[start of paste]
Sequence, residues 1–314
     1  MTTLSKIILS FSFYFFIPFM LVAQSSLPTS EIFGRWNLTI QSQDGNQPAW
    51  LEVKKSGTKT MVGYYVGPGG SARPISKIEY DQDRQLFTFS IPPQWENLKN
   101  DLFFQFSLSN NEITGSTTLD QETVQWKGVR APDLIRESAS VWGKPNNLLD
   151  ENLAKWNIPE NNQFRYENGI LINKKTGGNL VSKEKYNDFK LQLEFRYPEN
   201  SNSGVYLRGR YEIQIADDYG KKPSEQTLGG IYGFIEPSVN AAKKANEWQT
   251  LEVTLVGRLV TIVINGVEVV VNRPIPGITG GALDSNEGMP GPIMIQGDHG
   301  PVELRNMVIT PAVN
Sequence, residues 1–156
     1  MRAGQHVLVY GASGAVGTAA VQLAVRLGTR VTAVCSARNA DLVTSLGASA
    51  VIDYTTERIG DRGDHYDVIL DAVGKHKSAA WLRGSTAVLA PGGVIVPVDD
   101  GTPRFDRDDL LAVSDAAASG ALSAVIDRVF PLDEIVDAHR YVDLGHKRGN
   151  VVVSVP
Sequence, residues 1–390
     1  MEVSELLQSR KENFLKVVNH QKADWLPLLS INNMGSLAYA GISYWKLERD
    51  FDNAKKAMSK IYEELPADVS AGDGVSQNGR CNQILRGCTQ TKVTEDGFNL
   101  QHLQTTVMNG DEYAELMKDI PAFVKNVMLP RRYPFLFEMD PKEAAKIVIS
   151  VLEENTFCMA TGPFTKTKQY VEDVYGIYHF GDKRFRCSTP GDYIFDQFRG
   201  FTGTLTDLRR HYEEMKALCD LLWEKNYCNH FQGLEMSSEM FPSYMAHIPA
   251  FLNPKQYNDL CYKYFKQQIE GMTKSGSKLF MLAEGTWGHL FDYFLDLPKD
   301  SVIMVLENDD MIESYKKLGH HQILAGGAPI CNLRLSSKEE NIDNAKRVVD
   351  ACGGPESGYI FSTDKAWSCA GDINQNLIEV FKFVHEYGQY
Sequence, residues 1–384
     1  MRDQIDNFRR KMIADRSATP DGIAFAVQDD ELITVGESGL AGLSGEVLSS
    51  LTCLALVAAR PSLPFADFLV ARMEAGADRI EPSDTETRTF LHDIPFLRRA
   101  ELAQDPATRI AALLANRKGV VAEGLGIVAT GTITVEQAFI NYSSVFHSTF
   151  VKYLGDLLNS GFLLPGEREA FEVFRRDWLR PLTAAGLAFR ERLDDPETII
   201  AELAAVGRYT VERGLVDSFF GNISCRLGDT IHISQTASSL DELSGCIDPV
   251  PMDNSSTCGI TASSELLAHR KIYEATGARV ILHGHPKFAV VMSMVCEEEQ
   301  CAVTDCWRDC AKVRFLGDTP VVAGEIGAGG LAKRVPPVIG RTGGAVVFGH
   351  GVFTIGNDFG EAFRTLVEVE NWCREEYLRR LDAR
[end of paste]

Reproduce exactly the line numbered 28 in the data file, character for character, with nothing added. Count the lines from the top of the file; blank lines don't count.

   201  AELAAVGRYT VERGLVDSFF GNISCRLGDT IHISQTASSL DELSGCIDPV